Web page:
Father and brother of alleged bomber detained in Libya

Manchester Arena blocked off following an attack during an Ariana Grande concert.                       CNN

So far, five people have been arrested in the United Kingdom in connection with the bombing, while Abedi's father and brother were taken into custody in Libya.

The morning after the attack, police had said they believed that the suspect, 22-year-old Salman Abedi, a British citizen, had carried it out alone and had died in the blast he triggered. She said he had been known to security forces "up to a point".

Numerous victims were young girls who idolize Grande.

Government officials said almost 1,000 soldiers were deployed to Buckingham Palace, Parliament and other high-profile sites across the country.

That effort so far includes the arrest of a 23-year-old man in connection with the attack and two warrants - one in Whalley Range and the other in Fallowfield - Hopkins said.

In the statement, the force says that the 20-year-old engineering student had been planning to launch an attack of his own in Tripoli and that after his arrest Tuesday night, Hashim confessed to ties with the Islamic State and knowledge of his brother's alleged plans for the Manchester attack.

Britain's Queen Elizabeth held a moment of silence at a garden party at Buckingham Palace.

The Palace of Westminster, which houses the British Parliament in London, was also closed Wednesday to all those without passes, and tours and events there were cancelled until further notice. Armed police were seen on patrol outside St. Paul's Cathedral in London, another popular tourist spot.

Chelsea, the title-winning soccer club in England's Premier League, called off a planned victory parade through London.

He hit one of the softest of targets: a mostly young crowd pouring from the exits after the show, police said.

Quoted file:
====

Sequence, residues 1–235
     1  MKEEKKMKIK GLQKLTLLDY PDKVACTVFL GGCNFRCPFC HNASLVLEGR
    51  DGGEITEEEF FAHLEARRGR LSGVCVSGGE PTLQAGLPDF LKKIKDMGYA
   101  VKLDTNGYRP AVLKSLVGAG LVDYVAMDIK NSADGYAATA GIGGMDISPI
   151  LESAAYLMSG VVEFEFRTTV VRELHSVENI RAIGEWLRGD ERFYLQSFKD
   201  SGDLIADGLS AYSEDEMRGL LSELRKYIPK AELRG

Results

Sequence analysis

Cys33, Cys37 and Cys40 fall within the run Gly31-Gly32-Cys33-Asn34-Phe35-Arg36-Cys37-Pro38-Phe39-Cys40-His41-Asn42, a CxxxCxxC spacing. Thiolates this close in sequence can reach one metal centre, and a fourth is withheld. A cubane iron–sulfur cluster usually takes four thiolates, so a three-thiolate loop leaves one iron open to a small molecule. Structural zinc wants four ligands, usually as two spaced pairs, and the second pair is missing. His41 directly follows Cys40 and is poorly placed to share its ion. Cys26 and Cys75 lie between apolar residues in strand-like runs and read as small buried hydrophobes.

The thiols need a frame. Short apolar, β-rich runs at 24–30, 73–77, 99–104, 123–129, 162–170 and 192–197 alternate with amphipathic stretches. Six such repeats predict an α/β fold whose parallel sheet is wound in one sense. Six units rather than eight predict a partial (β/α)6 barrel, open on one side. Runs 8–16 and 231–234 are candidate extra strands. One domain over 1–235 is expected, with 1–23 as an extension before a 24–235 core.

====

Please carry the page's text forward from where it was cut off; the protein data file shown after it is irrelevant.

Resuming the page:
"Clearly, this was a pretty sophisticated and powerful bomb", a high-ranking Western government official told NPR, explaining that officers believe Abedi received help with the attack.

Armed officers raided the address of Abedi, today, ordering residents indoors as they carried out a controlled explosion. Neighbors recalled him as a tall, thin young man who often wore traditional Islamic dress and did not talk much.

But shortly after the interior minister complained, The New York Times newspaper again scooped British authorities and other media by publishing photographs from the scene of remnants of the bomb. The anti-terror force said the father had not been charged, but was taken in for questioning. Before that, he said, a number of different families had been living at the property.

"There was a policeman, armed policeman, shouting at my neighbor. and I realized there is something wrong here", he said.

Rudd revealed the frustration going on inside the probe to find the suspected network behind bomber Salman Abedi. "I haven't seen police come to his house".

In 2011, Abedi returned to Libya during the mass uprising that descended into a civil war and ended with Gadhafi's ouster and death.

Although the LIFG disbanded, Haroun says the father belongs to the Salafi Jihadi movement, the most extreme sect of Salafism and from which al-Qaida and the Islamic State group both hail.

The prime minister said the national terror threat level is being raised from severe to critical, which means another attack is expected "imminently".

Rudd had earlier scolded US officials for leaking details.

The British police have been very clear that they want to control the flow of information in order to protect operational integrity, the element of surprise.

Soldiers will be deployed to key sites in Britain to boost security as the country raised its terror threat to the highest level of "critical" following a suicide attack in Manchester that killed 22 people, including children.

Waszczykowski also said that another Polish citizen was wounded and had undergone surgery in a hospital.

The school said Olivia, reportedly 15, had been with a friend who has since undergone surgery to treat injuries sustained in the explosion. Rouse said many of those hospitalized had serious wounds that would require "very long term care and support in terms of their recovery".

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